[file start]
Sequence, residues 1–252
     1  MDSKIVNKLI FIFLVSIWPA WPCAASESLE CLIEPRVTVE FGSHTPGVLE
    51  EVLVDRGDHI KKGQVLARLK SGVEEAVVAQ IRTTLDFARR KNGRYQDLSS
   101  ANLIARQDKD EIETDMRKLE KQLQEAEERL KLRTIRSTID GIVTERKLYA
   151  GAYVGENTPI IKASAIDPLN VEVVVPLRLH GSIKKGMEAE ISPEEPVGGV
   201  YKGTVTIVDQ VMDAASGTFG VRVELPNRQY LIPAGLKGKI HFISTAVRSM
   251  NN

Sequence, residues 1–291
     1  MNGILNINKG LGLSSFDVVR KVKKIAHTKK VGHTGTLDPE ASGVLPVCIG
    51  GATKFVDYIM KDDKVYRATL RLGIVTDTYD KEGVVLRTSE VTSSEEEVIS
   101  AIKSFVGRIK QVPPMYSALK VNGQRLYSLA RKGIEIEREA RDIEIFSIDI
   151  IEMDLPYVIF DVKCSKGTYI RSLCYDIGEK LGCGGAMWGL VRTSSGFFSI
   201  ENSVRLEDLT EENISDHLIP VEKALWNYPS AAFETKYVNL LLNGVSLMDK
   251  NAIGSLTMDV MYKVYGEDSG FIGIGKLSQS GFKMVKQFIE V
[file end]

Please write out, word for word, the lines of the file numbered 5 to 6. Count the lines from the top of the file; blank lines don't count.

   151  GAYVGENTPI IKASAIDPLN VEVVVPLRLH GSIKKGMEAE ISPEEPVGGV
   201  YKGTVTIVDQ VMDAASGTFG VRVELPNRQY LIPAGLKGKI HFISTAVRSM